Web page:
Zelenskyy says the problem with the coming F-16 fighter jets is the same one Ukraine had with the Abrams tanks


  • Ukraine is set to receive its first F-16 fighter jets from its Western partners this summer.

  • But the exact number of planes is unclear, and Zelenskyy said it likely won’t be enough.

  • He compared the problem to Ukraine’s Abrams tanks, which it only got 31 of and hasn’t used much.

Western-provided F-16 fighter jets are on their way to Ukraine and set to start flying missions later this summer.

But they may not yet be enough to make a difference on the battlefield, Ukrainian President Volodymyr Zelenskyy indicated in a discussion this week on what Ukraine needs, comparing the jets to the US-made Abrams tanks that Ukraine got last fall.

Asked by Fox News’ host Bret Baier at the Reagan Institute if the 31 Abrams Ukraine received as its counteroffensive was already stumbling made a difference, Zelenskyy said: “I’m not sure that such number of tanks can change the situation on the battlefield.”

Speaking in Washington, DC, Wednesday as the NATO summit was underway, he said “it’s like the dialogue about F-16.” Usefulness comes down, in some ways, to numbers and timing.

“We always wait, like my mother waited me after school,” Zelenskyy said. “This is the same but much more serious.”

“The problem with F-16,” the Ukrainian president said, “is the number and the dates.”

The Ukrainian President said that because Russia is operating so many combat aircraft “on the territory of Ukraine,” small numbers of F-16s won’t make a difference.

“Even if we will have 50, it’s nothing. They have 300. Because we are defending, we need 128,” he said, adding that unless Ukraine has that amount of F-16s, they won’t “compare with them in the sky.” He said “it will be difficult.”

Egypt F-16

Egyptian Air Force F-16 during an exercise over northern Egypt.US Air Force/Senior Airman Derek Seifert

As Zelenskky noted, his concerns about the number of F-16s coming and the timing of those deliveries mirror conversations surrounding the US-provided Abrams tanks, which arrived in Ukraine last fall. The US sent only 31 M1A1 Abrams in total, and they were delivered to Ukraine months after British and German tanks.

The Abrams is recognized as a “tank killer” and celebrated for its lethality and heavy armor. It has a fearsome reputation, particularly given its exploits in the Gulf War in the early 1990s. Experts and former tank operators have praised the Abrams’ capabilities, noting that it is far superior to any Russian tank.

But the Abrams hasn’t been able to fight the battles it was made for in Ukraine where massed armored assaults haven’t been an option and tank-on-tank combat is uncommon, it faces threats from drones, anti-tank weapons, and mines, and it is a high-profile target available in only limited numbers.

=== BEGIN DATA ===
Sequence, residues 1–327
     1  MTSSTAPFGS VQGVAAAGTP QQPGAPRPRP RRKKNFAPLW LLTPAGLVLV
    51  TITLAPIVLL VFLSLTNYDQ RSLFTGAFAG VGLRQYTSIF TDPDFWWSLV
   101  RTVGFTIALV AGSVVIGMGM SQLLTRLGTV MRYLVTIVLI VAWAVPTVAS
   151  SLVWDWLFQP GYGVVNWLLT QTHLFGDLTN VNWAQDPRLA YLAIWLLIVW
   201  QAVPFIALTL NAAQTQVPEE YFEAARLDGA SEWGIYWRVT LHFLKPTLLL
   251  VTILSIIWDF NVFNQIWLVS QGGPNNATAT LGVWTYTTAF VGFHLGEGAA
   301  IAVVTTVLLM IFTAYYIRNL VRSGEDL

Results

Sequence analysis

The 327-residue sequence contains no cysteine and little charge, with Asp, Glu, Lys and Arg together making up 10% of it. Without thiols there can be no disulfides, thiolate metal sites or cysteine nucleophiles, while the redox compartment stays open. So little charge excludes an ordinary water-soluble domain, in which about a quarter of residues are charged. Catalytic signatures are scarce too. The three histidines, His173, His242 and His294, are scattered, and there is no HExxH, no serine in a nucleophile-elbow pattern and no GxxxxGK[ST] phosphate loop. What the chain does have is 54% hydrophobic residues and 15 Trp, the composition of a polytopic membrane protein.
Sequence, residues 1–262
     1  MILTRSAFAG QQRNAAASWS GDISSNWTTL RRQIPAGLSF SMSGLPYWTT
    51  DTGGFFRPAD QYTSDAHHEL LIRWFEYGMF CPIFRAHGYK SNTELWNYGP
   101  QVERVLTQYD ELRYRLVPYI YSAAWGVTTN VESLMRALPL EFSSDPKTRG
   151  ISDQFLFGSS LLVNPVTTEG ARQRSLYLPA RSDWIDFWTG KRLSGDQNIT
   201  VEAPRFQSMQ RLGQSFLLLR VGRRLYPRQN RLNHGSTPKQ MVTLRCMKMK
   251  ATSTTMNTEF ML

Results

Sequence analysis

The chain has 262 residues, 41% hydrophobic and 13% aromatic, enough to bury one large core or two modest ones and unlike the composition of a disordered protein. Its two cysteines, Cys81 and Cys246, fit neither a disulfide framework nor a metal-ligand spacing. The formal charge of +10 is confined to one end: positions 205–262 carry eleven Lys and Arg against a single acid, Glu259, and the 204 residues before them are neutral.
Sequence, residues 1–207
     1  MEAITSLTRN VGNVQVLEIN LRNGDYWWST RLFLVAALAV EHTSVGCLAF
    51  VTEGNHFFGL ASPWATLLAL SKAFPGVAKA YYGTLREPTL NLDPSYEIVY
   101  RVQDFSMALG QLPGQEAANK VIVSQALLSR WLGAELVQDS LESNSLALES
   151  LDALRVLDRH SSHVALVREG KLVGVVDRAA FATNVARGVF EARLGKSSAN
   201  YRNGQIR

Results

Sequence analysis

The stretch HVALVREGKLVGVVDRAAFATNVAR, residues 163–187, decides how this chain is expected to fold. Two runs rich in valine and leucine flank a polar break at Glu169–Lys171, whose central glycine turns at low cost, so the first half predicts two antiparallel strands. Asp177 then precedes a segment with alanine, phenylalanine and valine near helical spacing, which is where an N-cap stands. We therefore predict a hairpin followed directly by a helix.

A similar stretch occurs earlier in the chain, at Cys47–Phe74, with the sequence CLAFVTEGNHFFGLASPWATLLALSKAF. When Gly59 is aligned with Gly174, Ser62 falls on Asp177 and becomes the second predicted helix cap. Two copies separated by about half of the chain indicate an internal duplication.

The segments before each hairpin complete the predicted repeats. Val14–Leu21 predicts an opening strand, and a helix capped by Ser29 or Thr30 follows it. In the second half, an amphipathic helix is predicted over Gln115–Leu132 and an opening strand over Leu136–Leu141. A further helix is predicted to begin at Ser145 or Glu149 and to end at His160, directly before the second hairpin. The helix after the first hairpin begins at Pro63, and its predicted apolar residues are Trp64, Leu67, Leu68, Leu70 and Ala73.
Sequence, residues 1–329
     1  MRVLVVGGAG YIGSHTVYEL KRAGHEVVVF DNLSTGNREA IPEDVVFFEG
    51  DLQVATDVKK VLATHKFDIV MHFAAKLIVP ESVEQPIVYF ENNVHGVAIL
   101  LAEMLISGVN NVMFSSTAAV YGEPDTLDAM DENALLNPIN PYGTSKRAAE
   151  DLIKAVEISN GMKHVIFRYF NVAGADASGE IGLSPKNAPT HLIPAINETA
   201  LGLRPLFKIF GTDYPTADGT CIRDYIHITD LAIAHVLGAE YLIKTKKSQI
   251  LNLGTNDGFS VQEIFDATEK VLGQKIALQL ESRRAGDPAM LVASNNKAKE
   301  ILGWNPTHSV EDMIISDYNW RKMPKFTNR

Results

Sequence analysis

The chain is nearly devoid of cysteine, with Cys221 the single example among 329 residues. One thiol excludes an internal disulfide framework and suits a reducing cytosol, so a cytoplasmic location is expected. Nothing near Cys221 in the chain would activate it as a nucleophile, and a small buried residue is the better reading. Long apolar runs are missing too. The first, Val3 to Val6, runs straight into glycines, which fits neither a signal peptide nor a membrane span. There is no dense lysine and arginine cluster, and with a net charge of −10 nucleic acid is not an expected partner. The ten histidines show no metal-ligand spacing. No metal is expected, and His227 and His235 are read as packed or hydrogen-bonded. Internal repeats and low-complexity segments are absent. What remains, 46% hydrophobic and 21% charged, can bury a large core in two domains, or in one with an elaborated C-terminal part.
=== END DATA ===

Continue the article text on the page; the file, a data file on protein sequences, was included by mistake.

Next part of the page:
For comparison, Ukraine received about 300 US-made Bradley infantry fighting vehicles, nearly ten times more than the number of Abrams sent.

An Abrams tank fires during an army firepower demonstration for guests and families at Puckapunyal Range in Victoria.

An Abrams tank firing.Michael Currie/SOPA Images/LightRocket via Getty Images

Zelenskyy’s comments follow US Secretary of State Antony Blinken’s announcement earlier Wednesday that the first transfer of F-16 fighters to Ukraine — coming from Denmark and the Netherlands — is underway.

“Those jets will be flying in the skies of Ukraine this summer to make sure that Ukraine can continue to effectively defend itself against Russian aggression,” he said at the NATO public forum.

The arrival of the fourth-generation aircraft will be important for Ukraine and an upgrade over Kyiv’s Soviet-era air power and another marker of closer relations with the West. But there have been questions surrounding how useful the fighters will be on the battlefield and if there will be enough jets and trained pilots to make a difference. There have also been concerns they may be coming significantly later than when Ukraine needed them most.

The West has attributed the long road to getting F-16s to Ukraine to complicated logistics.

“The trouble is that for F-16s, it’s not as simple as just getting the planes and handing them over. The planes have to be reconfigured from the different air forces that they come from to make them suitable and usable for the Ukrainian Air Force,” a NATO official said to reporters at a briefing on the sidelines of the summit Thursday.

U.S. Air Force crew chiefs from the 36th Fighter Generation Squadron run a maximum power check on an F-16 Fighting Falcon at Osan Air Base, South Korea, Sept. 7, 2023.

A US F-16 Fighting Falcon at Osan Air Base, South Korea.US Air Force Tech. Sgt. Zachariah Lopez

The official also noted the training, logistics, and capabilities that are required to operate and defend airfields and said the yearlong process of procuring and delivering the fighters was “actually pretty good.”

“If you look at a program like this, generally, even [when an] allied country in peacetime conditions takes on a new airframe like this, it could take much, much longer to get everything into place,” the official said.

In a call with press on Thursday, White House National Security Advisor Jake Sullivan acknowledged that the “ramp-up period” to get F-16s operational in Ukraine has been significant but added that the jets are expected to have an impact in the short-term and give Ukraine the capability to take back territory currently occupied by Russia.

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